3. A copy constructor is a special constructor that is used to copy objects. It allows you to initialize a homogeneous object that is being created by using an already created object (specified by the parameters of the copy constructor).

1 class class name 2 {3public:4     class name (class name & object name); 5 };

As described in the preceding code, the copy constructor can have only one parameter and must be a reference to the same object. Each class should have a copy constructor, and if the user does not specify it, the default copy constructor will be used. The default copy constructor performs a copy of the entire contents of the object, but sometimes it needs to be copied selectively and in a different way. In this case, you need to display the definition copy constructor and implement the copy for the part of interest or add some property values for the new object.

The most common use of copy constructors is when you have pointer-type attributes in a class, because the default copy function is a copy-by-reference, a so-called shallow copy. You need to display the Define copy constructor and display the pointer from the new memory and copy the previously pointed value into the newly allocated memory.

4. The other constructors, nothing special, are the constructors that are not included in the preceding and above-mentioned classes.

Constructor initializes a list of parameters

You need to use the Initialize member list in the following situations: (to be added)

First, the data member that needs to initialize is the case of the object;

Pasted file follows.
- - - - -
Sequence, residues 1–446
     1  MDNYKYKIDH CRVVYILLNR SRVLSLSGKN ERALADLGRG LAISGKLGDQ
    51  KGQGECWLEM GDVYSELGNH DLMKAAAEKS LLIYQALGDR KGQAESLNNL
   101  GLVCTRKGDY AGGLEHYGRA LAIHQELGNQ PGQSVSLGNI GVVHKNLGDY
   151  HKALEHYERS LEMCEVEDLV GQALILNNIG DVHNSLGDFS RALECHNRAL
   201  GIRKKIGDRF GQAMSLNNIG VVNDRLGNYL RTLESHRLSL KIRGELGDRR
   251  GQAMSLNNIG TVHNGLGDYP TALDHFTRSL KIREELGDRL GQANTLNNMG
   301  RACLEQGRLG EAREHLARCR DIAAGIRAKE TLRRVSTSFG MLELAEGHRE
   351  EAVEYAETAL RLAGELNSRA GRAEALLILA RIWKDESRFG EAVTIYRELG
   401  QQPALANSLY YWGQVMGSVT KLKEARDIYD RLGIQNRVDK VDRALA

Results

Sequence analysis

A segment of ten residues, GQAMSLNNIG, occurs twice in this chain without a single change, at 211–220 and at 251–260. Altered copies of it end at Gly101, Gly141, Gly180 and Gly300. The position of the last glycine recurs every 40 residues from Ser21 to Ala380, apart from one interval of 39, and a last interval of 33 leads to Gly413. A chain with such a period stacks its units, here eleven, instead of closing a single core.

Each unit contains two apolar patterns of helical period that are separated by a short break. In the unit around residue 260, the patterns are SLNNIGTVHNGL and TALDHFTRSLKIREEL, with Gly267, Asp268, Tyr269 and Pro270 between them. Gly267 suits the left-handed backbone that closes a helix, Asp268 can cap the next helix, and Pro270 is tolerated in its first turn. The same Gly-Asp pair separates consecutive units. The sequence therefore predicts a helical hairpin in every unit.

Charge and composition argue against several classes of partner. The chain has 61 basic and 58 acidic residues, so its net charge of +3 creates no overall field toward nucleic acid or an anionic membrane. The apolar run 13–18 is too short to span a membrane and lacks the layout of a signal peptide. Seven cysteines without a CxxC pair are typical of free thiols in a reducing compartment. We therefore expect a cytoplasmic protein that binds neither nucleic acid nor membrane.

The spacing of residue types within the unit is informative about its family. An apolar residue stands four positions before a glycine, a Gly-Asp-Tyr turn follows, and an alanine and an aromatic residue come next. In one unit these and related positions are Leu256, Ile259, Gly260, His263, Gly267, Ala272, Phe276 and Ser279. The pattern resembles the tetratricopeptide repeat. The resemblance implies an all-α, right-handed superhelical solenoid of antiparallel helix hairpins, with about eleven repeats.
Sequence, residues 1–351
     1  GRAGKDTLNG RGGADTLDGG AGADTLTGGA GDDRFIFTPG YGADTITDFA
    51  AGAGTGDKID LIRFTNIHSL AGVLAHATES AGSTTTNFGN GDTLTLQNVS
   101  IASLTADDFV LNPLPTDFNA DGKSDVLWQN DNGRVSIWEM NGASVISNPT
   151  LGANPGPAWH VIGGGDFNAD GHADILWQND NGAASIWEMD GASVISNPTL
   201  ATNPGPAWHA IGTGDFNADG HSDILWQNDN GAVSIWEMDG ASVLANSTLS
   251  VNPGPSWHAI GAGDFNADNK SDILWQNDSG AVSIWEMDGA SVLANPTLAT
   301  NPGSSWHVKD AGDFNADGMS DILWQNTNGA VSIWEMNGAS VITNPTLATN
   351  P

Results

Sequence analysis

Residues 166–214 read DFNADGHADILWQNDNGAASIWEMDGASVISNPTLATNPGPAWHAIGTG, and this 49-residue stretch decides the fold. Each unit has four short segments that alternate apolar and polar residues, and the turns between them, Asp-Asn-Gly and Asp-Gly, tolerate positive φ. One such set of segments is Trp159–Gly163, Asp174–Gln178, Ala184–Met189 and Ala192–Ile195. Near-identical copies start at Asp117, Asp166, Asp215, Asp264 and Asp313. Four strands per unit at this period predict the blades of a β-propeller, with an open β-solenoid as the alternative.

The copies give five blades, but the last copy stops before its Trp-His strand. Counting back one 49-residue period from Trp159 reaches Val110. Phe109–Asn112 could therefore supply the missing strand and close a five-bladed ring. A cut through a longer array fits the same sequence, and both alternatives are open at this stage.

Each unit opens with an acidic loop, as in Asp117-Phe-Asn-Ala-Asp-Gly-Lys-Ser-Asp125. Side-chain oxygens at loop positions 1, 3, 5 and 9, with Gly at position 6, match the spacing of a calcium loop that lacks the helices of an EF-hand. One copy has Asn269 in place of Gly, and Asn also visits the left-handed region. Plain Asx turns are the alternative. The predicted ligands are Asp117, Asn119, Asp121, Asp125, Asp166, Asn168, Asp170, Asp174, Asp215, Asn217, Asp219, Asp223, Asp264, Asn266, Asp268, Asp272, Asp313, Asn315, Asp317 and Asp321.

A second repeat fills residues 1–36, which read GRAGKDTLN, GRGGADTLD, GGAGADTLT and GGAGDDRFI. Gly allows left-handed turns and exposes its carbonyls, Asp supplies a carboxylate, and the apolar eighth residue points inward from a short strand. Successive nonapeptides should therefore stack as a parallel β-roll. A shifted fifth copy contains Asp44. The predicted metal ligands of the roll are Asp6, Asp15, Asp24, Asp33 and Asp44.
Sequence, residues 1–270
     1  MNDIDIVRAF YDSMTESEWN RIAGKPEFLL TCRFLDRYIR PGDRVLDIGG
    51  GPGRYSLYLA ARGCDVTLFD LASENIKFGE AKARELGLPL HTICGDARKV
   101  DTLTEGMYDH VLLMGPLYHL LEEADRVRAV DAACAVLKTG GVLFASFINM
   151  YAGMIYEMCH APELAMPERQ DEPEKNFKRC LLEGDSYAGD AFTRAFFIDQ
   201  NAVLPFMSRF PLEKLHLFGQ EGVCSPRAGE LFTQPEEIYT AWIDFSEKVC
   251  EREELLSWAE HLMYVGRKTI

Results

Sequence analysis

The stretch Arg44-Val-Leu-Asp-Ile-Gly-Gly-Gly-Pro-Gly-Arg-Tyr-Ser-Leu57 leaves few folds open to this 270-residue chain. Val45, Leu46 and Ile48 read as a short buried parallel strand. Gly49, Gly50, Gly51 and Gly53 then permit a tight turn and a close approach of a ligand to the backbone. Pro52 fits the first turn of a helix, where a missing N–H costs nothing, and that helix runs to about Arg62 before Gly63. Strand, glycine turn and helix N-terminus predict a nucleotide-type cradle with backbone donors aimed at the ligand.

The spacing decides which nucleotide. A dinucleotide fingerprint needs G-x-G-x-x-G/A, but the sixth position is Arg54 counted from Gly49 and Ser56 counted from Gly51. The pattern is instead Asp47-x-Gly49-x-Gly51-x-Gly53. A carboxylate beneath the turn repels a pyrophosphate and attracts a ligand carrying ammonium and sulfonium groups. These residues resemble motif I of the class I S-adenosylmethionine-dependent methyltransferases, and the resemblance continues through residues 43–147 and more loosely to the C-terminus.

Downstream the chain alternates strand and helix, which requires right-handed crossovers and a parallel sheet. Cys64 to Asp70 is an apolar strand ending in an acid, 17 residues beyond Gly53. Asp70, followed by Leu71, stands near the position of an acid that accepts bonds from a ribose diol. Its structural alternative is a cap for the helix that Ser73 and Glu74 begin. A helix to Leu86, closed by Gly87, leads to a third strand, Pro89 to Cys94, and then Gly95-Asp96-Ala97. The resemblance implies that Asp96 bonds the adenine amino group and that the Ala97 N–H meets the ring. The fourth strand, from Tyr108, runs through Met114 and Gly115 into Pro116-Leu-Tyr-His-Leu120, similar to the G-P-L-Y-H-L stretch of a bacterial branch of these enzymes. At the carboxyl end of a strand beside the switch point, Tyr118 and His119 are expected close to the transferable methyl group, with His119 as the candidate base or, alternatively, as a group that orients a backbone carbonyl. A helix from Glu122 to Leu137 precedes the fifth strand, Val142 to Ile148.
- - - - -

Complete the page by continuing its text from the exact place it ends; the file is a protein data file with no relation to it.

Second, the class member that needs to initialize the const adornment;

In the first case, if a property in Class A has a Class B, and Class B does not have a constructor that does not have a parameter, the initialization of a is also required to initialize B, so the parameter list needs to be initialized. Of course, in this case, the general member property can also be initialized in this way.

In the second case, the Const member property cannot be copied and cannot be changed once initialized.

The following example illustrates the use of constructor initialization parameter lists:

1#include <iostream>2 using namespacestd;3 4 classB5 {6  Public:7Bintb) {8cout<<b<<Endl;9     }Ten }; One  A classA - { -  Public: the b b; -AintAintci); - Private: -     Const intci; +     //const int CI = 10; //Compile error, cannot initialize -     Static Const intCV =Ten;//after adding the static keyword, you can compile the +     intC; A }; at  -A::a (intAintCI): B (A), Ci (CI), C (4) { -cout << ci <<"--"<< C <<Endl; - } -  - intMain () in { -A A (5,Ten); to     return 0; +}